When the mouse brains were dissected and the hippocampi were inspected, it was found that certain genes linked to the creation of new memories had been turned on in some of the mice. “So, we had a hint early on that one of these donor groups, specifically the [umbilical] cord plasma, might be having an effect on the brain itself,” Castellano says.

Castellano and his team then injected more aging mice with human plasma, and tested the animals’ ability to remember things. They found that after cord plasma treatment, mice escaped from a maze more rapidly; the performance in most areas was increased and improved. Similarly, mice treated with human umbilical cord performed better on memory tests.

A series of further experiments led Castellano and his colleagues to conclude that one specific protein—TIMP2—in human umbilical cord blood was responsible for the improvements. “The really exciting thing about this study, and previous studies that have come before it, is that we’ve sort of tapped into previously unappreciated potential of our blood — our plasma — and what it can do for reversing the harmful effects of aging on the brain,” says Castellano.

The research potentially hints at possible treatments and therapies that might ultimately work to prevent age-related illnesses from developing, including Alzheimer’s disease.

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Alzheimer’s & Glucose: Reducing Sugar Intake

While scientists have long known that excess glucose—or sugar—and its breakdown products have the potential to damage proteins and cells through a reaction called ‘glycation,’ the specific molecular link between sugar and Alzheimer’s disease was neither confirmed nor fully understood.

Yet scientists have recently confirmed a ‘tipping point’ molecular link between the blood sugar glucose and Alzheimer’s disease, as a study published in the journal Scientific Reports has demonstrated that excess glucose irreparably damages a critical enzyme is involved with inflammation response to the early stages ofAlzheimer’s.

Unusually high blood sugar levels, also called hyperglycemia, is a familiar characteristic of diabetes and obesity; indeed, patients with diabetes have been shown to have an increased risk of developing Alzheimer’s disease compared to healthy individuals. In the early stages of the disease, abnormal proteins aggregate to form ‘plaques and tangles’ in the brain, which progressively lead to severe cognitive decline.

By utilizing a sensitive technique to detect glycation through brain samples of people both with and without Alzheimer’s, a team of scientists discovered that—in the early stages of Alzheimer’s—glycation damages an enzyme called MIF (macropage migration inhibitory factor), which ultimately plays a role in immune response and insulin regulation. This enzyme is involved in the response of brain cells to the build-up of abnormal proteins in the brain during Alzheimer’s, and researchers believe that inhibition and reduction of MIF activity—caused by glycation—could be the proverbial ‘tipping point’ in disease progression. As Alzheimer’s disease progresses, so too does glycation of these enzymes increase.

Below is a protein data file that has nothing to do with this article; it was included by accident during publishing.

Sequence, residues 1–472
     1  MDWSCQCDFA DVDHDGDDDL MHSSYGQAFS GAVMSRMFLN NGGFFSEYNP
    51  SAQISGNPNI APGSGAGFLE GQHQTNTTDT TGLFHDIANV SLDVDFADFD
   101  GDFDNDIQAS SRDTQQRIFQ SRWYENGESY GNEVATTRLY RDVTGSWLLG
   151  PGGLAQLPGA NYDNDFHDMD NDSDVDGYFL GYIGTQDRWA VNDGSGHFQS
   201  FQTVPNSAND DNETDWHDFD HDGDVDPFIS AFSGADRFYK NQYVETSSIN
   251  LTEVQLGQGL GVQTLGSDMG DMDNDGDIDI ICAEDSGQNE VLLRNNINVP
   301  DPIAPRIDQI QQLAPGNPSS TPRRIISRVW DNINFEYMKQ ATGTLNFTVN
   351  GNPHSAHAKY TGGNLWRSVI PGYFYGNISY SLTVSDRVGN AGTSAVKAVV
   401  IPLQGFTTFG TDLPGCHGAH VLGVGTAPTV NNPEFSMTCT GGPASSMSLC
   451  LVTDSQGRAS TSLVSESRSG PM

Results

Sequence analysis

Researchers articulate that this knowledge will be vital in developing a chronological trajectory of the progression of Alzheimer’s, and will assist in identifying those at risk, in addition to new preventive techniques and treatments. Moreover, this potential link with Alzheimer’s serves as another reason to curb and lower sugar intake.

Mark Rosenberg, MD, FMNM, a physician who has extensively studied the mechanisms of cancer treatment failure, and developed new preventive therapies, states: “Glucose or sugar, is a source of fuel for normal cells and malignant cells. The more resistant and aggressive cancer cells tend to rely on the metabolism of glucose through a process called glycolysis. These cells over-express GLUT-1 transporters, as well as insulin, to pull in as much sugar, as quickly as they can, so they can meet their energy requirements. There are multiple studies correlating elevated blood sugar, insulin resistance, and diabetes with the risk, as well as survival, for many cancers. Bottom line, from a cancer perspective: minimize sugar intake.”

Around 50 million people across the globe have been diagnosed with Alzheimer’s disease, a statistical figure predicted to rise to more than 125 million by2050. Researchers believe that the global cost of the disease will likely escalate into the hundreds of billions of dollars, as medical patients require further social and palliative care, due to the debilitating cognitive effects of the disease.